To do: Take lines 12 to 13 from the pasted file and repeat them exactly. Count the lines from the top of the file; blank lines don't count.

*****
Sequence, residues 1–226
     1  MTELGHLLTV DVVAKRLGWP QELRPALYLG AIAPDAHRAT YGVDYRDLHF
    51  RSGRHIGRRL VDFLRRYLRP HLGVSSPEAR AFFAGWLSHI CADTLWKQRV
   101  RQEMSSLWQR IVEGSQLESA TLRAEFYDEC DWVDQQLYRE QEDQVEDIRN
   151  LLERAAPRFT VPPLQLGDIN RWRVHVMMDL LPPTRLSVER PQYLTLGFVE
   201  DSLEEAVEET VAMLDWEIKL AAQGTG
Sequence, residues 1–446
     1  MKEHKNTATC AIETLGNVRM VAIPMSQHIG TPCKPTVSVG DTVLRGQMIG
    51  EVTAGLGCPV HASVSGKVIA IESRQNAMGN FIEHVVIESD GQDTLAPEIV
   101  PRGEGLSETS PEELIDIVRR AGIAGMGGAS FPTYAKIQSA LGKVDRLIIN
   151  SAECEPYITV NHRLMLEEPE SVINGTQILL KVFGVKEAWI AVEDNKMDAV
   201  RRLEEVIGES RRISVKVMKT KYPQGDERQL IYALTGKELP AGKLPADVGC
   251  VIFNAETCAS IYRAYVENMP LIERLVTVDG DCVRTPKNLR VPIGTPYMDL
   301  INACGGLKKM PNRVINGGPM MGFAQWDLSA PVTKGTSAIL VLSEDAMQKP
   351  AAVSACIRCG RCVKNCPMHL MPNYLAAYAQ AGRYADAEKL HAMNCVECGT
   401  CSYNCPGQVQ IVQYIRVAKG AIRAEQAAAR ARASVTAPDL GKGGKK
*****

   201  RRLEEVIGES RRISVKVMKT KYPQGDERQL IYALTGKELP AGKLPADVGC
   251  VIFNAETCAS IYRAYVENMP LIERLVTVDG DCVRTPKNLR VPIGTPYMDL